Friday 19 July 2019

Celtic warrior who fought a selfless fight

Emma Mhic Mhathuna has left a legacy of hope for Ireland, writes her friend and advocate Stephen McMahon

HUMOUR AND HUMILITY: CervicalCheck scandal victim Emma Mhic Mhathuna on stage in the Laughter Lounge. Photo: Kyran O'Brien
HUMOUR AND HUMILITY: CervicalCheck scandal victim Emma Mhic Mhathuna on stage in the Laughter Lounge. Photo: Kyran O'Brien

Stephen McMahon

Emma Mhic Mhathuna died last Sunday from cervical cancer that developed undetected. At her funeral the celebrant Fr Paddy Moran recalled: "Her illness, she said, she did not see as part of God's plan, but rather as the result of human error."

I hadn't heard from Emma for a while, but that was not unusual. Her ever attentive uncle John would update me from time to time. I had sent a text to Emma and her uncle last Saturday that I would go down and visit her on Sunday.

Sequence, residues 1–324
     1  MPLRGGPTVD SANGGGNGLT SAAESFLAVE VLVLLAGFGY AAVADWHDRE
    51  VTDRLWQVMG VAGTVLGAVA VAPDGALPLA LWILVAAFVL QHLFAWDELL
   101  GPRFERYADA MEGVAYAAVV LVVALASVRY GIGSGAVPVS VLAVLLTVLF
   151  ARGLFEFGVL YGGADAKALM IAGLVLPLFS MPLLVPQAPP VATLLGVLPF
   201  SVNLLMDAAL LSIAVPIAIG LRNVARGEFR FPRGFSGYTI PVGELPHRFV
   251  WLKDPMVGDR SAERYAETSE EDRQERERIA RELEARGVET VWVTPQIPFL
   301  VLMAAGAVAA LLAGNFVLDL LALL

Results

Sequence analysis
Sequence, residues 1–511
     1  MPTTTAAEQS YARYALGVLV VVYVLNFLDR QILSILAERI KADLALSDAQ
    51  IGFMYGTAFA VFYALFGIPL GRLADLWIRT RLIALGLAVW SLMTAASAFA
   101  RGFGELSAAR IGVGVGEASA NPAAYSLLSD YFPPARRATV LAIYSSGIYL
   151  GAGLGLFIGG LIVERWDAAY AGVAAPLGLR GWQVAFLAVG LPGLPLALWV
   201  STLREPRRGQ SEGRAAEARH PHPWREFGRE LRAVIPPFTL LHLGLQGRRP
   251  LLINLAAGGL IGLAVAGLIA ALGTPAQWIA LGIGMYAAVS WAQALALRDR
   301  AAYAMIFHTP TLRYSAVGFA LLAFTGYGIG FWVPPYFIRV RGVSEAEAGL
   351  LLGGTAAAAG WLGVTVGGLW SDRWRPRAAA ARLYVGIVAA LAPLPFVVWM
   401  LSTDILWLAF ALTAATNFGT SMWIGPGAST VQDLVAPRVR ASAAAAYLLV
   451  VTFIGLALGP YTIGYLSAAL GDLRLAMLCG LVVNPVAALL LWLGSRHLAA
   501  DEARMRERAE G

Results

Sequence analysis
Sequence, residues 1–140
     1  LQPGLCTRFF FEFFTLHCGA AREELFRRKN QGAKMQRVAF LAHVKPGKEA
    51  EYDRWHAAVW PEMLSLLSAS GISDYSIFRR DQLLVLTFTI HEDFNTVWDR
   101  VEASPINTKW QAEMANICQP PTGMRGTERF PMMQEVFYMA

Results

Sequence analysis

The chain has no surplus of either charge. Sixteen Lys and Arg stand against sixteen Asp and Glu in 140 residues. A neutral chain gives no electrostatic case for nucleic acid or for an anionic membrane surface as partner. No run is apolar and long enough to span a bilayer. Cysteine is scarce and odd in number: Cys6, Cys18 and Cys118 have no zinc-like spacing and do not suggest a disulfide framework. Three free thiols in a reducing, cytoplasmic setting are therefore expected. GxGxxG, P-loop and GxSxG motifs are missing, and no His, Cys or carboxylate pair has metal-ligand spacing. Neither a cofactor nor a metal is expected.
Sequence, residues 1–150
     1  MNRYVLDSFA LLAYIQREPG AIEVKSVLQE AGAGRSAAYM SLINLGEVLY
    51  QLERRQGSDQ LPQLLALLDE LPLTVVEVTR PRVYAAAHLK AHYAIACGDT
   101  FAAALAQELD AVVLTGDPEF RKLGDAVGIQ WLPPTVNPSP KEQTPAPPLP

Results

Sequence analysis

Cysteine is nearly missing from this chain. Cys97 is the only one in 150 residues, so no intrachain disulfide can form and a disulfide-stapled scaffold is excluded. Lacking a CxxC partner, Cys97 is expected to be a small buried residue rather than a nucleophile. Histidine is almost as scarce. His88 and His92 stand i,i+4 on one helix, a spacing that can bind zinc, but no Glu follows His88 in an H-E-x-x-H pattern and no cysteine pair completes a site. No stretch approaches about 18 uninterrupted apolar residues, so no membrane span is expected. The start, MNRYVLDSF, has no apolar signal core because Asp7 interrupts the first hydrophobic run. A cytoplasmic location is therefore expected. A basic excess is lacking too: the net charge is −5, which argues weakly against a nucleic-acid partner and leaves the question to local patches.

Late on Saturday night, I was told that Emma was near the end of her earthly journey. The night took on a chill as that text's deeper meaning struck home. In the short time I had known Emma as her patient advocate and friend, I always saw her and referred to her as a Celtic warrior, fearless, protective of her children and noble in nature but also a very ill lady.

As I signed in to my laptop to book our flight on Sunday morning, I received the dreaded message: "The warrior is no more".

It was with a heavy heart that I went to Mass that day at Dalkey's Church of the Assumption, angry and sad. Angry because human error had denied her timely intervention for her cancer and had taken her children's mother. Sad for the loss of a friend and a master advocate.

However, what I felt was nothing to the grief and loss that her children, extended family and close friends would experience. When news broke of her death sometime around lunchtime, their grief was shared by the nation.

Emma’s daughter Natasha is consoled by a priest at her mother’s funeral at the Pro Cathedral last Wednesday. Photo: Colin Keegan/Collins Dublin